Second, contrary to the dissent's assertion that "no provision comparable . . . to [28 U.S.C.] § 1867 . . . was included in the DCJSA," the language in D.C. Code § 11-1914 (b) is, in fact, almost identical to the first sentence in 28 U.S.C. § 1867 (f).*fn10 While the dissent concedes that "headings are not conclusive," it provides no reason for dismissing the obvious parallels between 28 U.S.C. § 1867 (f) and D.C. Code § 11-1914 (b). Moreover, by conceding that the latter "authorizes disclosure of otherwise non-public records," the dissent undermines its own reasoning that nothing in a section entitled "Preservation of records" might be relevant in determining whether Congress intended to strip District residents of rights that they enjoyed from 1968 until 1986.

Third, we cannot overlook, as the dissent does, the manner in which the FJSSA has worked in practice. Indeed, the dissent does not adequately explain why a federal statute and its District of Columbia successor statute - with virtually identical stated purposes - should not be interpreted consistently. This is particularly so given that this court has previously articulated that "[t]he government cannot rely on courts to rewrite imprecise enactments, and this is especially true where, as here, the [government] is asking us to accord a narrow and grudging construction to remedial legislation." District of Columbia v. Tarlosky, 675 A.2d 77, 80-81 (D.C. 1996) (internal quotation marks omitted) (citing Lanier v. District of Columbia, 871 F. Supp. 20, 24 (D.D.C. 1994)).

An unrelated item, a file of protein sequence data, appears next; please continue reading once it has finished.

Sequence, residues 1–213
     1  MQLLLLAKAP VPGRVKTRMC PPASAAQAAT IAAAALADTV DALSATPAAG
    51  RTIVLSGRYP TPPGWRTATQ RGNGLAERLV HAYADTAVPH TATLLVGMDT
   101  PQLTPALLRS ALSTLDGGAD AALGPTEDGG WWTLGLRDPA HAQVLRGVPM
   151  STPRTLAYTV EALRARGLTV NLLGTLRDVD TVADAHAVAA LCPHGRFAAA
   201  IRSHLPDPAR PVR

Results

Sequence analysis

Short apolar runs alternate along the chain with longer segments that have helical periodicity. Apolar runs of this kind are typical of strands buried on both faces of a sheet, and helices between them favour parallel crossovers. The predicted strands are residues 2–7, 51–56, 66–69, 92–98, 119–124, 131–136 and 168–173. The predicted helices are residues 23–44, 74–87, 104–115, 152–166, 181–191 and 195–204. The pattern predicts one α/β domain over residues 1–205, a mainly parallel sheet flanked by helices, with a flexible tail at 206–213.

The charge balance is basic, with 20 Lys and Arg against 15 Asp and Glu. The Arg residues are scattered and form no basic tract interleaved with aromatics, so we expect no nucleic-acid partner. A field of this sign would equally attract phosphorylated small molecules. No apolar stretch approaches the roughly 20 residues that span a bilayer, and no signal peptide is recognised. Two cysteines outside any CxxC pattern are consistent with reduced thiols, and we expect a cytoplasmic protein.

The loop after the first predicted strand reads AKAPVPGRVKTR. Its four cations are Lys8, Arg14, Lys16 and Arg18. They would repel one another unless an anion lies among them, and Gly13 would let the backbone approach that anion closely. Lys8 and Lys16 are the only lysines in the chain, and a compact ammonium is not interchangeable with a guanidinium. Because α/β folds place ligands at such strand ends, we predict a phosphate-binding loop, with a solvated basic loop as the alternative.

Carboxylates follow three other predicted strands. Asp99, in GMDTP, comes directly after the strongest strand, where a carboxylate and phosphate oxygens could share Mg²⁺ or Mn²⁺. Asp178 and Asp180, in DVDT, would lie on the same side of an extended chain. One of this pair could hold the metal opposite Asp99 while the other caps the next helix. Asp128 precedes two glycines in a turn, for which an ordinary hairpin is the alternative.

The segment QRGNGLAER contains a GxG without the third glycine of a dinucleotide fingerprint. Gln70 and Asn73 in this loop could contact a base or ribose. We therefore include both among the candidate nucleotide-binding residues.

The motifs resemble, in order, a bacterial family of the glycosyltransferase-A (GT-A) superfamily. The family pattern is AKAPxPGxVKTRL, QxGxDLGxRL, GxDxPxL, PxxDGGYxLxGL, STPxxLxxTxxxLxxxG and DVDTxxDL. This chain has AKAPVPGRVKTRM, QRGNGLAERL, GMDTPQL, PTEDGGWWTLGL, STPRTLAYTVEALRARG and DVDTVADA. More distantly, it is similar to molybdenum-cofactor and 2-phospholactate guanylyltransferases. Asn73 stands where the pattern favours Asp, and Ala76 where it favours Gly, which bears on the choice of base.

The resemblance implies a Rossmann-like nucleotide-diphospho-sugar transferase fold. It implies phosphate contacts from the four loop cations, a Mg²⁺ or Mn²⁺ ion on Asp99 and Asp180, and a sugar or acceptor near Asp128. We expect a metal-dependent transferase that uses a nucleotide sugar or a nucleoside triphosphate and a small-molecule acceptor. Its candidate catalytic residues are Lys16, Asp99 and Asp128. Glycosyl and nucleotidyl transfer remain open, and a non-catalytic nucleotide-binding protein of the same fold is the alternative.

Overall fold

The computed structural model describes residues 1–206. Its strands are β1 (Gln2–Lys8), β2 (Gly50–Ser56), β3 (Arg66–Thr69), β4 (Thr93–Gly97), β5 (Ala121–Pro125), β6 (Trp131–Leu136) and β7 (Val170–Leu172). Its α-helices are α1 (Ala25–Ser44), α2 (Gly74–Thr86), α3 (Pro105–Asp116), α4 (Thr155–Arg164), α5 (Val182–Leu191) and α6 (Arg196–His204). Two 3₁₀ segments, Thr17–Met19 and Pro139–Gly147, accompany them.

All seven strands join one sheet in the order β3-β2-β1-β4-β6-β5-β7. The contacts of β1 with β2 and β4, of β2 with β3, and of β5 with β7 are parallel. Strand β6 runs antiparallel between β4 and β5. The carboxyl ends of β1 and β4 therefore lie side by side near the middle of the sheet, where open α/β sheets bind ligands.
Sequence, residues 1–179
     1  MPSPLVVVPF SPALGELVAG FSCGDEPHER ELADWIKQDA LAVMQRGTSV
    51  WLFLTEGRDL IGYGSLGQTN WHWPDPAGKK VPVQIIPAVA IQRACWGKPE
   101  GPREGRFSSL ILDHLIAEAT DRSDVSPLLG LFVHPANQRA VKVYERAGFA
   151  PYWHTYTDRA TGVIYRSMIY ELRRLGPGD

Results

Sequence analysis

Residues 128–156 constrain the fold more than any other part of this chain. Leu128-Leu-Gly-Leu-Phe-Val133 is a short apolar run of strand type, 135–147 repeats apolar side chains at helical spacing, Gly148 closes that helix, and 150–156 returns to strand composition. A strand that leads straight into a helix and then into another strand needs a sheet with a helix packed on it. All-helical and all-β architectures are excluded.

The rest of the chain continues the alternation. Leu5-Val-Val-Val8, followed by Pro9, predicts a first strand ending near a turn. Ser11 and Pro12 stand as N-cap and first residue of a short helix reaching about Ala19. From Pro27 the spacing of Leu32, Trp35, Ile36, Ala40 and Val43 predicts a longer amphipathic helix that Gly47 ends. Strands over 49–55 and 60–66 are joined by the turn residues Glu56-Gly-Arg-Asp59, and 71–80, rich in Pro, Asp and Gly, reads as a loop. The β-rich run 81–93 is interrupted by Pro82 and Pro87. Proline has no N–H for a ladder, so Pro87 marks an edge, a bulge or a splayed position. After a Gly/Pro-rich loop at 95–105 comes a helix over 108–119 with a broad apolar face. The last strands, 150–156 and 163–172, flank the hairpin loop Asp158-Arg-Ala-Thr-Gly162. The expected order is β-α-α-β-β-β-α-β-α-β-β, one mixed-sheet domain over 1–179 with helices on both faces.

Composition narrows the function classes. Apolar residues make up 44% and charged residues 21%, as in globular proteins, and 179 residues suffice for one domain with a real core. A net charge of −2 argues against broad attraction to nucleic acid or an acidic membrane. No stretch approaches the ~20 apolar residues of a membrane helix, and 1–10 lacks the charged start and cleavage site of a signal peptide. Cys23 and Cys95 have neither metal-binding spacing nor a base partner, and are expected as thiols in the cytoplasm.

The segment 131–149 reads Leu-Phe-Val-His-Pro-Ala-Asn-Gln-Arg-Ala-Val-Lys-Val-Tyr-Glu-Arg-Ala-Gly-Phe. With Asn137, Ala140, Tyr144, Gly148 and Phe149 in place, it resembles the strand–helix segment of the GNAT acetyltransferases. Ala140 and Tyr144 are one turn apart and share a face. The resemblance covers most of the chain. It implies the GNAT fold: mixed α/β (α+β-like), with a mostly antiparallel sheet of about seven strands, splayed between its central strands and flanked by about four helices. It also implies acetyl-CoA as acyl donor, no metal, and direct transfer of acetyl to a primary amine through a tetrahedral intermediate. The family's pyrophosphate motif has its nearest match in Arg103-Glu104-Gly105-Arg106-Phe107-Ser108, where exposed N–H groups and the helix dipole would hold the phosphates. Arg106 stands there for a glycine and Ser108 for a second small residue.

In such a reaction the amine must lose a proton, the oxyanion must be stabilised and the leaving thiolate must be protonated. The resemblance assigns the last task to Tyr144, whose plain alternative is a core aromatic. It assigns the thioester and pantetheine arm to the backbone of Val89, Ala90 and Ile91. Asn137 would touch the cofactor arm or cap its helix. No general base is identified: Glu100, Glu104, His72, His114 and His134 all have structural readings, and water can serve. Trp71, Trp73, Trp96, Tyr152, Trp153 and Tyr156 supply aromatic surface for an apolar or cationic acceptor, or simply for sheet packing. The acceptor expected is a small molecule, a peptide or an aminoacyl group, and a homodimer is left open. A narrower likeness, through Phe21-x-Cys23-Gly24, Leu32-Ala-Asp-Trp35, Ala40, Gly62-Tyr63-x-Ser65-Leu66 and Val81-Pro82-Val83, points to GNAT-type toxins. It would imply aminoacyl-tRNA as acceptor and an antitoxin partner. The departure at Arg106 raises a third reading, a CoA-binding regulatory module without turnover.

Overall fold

Furthermore, if the omission of this one sentence is thought to be so telling, so too must be the legislature's failure to include anything in the DCJSA defining (or even mentioning) this new threshold showing requirement that our dissenting colleagues would impose solely by implication. That point seems to us all the more persuasive considering the array of formulations that have been employed in reading such a qualification into the right to inspect juror records. The trial court in this case, for example, thought that a prima facie showing of a violation ought to be made before discovery would be available. And while the division majority thought this standard was too demanding, it settled upon a showing of "reasonable belief" analogous to that required in criminal law contexts, citing authorities that require (in yet another variation) a "particularized showing" of "a reasonable belief" that systematic exclusion resulted in underrepresentation in the jury pool. But the problem with any of these formulations is that D.C. Code § 11-1914 (b) furnishes no basis for preferring one over the other. Indeed, the statute contains no other threshold standard of relevance or justification for the discovery of records than its terms establish: the disclosure sought must be "in connection with the preparation . . . of a motion under § 11-1910." D.C. Code § 11-1914 (b). Thus, like the Supreme Court in Test, we are unwilling to import into the statute a threshold showing requirement that movants would have to satisfy before obtaining access to materials "in connection with the preparation or presentation of a motion" challenging the jury selection process.*fn11 In our view, to impose a threshold requirement would undermine the recognized purpose of the DCJSA of ensuring that litigants have access to discovery for purposes of preparing a motion challenging the jury selection process, which thereby ensures that "grand and petit juries [are] selected at random from a fair cross section of the community." Test, supra, 420 U.S. at 30.